“What a delight to read David Gooblar’s book on teaching and learning. He wraps important insights into a story of discovery and adventure.”
—Ken Bain, author of What the Best College Teachers Do
College is changing, but the way we train academics is not. Most professors are taught to be researchers first and teachers a distant second, even as scholars are increasingly expected to excel in the classroom. There has been a revolution in teaching and learning over the past generation, and we now have a whole new understanding of how the brain works and how students learn. The Missing Course offers a field guide to the state-of-the-art in teaching and learning and is packed with insights to help students learn in any discipline.
Wary of the folk wisdom of the faculty lounge, David Gooblar builds his lessons on the newest findings and years of experience. From active-learning strategies to ways of designing courses to get students talking, The Missing Course walks you through the fundamentals of the student-centered classroom, one in which the measure of success is not how well you lecture but how much your students actually learn.
“Warm and empirically based, comprehensive but accessible, student-centered and also scientific. We’re so lucky to have Gooblar as a guide.”
—Sarah Rose Cavanagh, author of The Spark of Learning
“Goes beyond critique, offering a series of activities, approaches, and strategies that instructors can implement. His wise and necessary book is a long defense of the idea that a university can be a site of the transformation of self and society.”
—Los Angeles Review of Books
“An invaluable source of insight and wisdom on what it means to work with students. We’ve needed this book for a long time.”
—John Warner, author of Why They Can’t Write
Part education theory, part reflection on labor, part toolkit. Gooblar critically diagnoses how teaching gets done (or doesn’t) in modern colleges and universities, but he goes beyond critique, offering a series of activities, approaches, and strategies that instructors can implement. His wise and necessary book is a long defense of the idea that a university can be a site of the transformation of self and society.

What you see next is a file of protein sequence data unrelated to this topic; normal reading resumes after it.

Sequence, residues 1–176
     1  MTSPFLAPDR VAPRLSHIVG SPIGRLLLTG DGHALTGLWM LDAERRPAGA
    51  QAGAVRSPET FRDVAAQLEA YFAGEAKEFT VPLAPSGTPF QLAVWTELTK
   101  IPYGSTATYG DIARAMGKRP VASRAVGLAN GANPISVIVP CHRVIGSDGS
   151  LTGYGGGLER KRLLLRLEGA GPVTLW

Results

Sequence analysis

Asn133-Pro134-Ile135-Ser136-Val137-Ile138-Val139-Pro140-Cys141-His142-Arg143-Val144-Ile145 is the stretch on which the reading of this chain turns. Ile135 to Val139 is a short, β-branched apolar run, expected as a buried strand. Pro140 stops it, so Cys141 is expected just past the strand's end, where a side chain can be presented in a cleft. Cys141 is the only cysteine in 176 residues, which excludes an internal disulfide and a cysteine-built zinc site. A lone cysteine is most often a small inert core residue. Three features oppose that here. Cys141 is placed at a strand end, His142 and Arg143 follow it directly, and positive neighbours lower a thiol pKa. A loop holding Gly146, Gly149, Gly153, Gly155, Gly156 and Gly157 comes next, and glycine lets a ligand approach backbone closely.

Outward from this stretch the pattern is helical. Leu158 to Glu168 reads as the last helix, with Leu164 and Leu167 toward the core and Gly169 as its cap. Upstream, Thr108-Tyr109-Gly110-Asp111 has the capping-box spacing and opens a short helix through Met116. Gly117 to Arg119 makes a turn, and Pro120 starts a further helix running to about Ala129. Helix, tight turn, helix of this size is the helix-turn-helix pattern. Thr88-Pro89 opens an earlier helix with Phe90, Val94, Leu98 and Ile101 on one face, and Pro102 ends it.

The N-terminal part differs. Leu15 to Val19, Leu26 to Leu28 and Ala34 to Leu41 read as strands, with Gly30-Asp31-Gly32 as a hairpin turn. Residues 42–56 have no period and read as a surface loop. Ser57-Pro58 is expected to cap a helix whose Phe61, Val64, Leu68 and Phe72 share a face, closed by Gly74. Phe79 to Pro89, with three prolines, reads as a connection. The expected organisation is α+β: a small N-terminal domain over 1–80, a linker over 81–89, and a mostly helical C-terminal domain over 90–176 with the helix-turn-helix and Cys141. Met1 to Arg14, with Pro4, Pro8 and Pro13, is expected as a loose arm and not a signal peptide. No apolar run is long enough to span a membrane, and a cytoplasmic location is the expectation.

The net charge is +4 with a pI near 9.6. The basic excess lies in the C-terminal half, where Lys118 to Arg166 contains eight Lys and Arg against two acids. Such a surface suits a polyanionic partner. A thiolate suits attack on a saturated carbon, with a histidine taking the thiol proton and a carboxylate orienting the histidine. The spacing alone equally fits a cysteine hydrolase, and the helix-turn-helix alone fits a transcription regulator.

There really is a missing grad school course—something all too often missing, actually, from higher education, period, something central and essential: the effective and lasting transmission of knowledge and method and even wisdom, as well as the spirit of inquiry behind it all. Just about every discipline still assumes this stuff gets passed down, magically conveyed. Alas, as all too many studies have shown, it doesn’t. And one of the main reasons it doesn’t is that we don’t teach graduate students how to teach. The Missing Course does.
What a delight to read David Gooblar’s new book on teaching and learning. He wraps important insights into a story of discovery and adventure. I’m sure you’ll enjoy it as much as I did.
Gooblar adds his voice to a growing chorus questioning the absence of systematic pedagogical training of the professoriate in higher education. With deep empathy for emerging educators and an unwavering focus on students, Gooblar offers a guide towards cultivating a collaborative, active, and inclusive classroom.
If David Gooblar’s The Missing Course existed back when I was first in a college classroom, it would’ve saved me many hours of angst, and resulted in significantly improved experiences for my students. Even being more than twenty-five years removed from those days, I found the book an invaluable source of insight and wisdom on what it means to work with students. We’ve needed this book for a long time, and I’m glad it has finally arrived.
The academy is filled with educators trained in their niche expertise but not in the art and craft of teaching. Thankfully, Gooblar steps into the void with a ‘missing course’ in college teaching. This book is both warm and empirically-based, comprehensive but accessible, student-centered and also scientific. We’re so lucky to have Gooblar as a guide, as he generously shares both a careful, thorough evaluation of the pedagogical literature and a host of practical teaching tips amassed over a career.
This lively, accessible, and comprehensive book is the course I wish I’d had the opportunity to take in grad school. Gooblar offers a wealth of evidence-based practices and classroom wisdom to help us teach authentically and inclusively. The Missing Course will be a go-to resource for both new and experienced college teachers.
Whether you are a new teacher just starting out, or an experienced teacher looking to up your game, The Missing Course would be well worth your while.
- 272 pages
- 5-1/2 x 8-1/4 inches
- Harvard University Press
Sorry, there was an error adding the item to your shopping bag.
Sorry, your session has expired. Please refresh your browser's tab.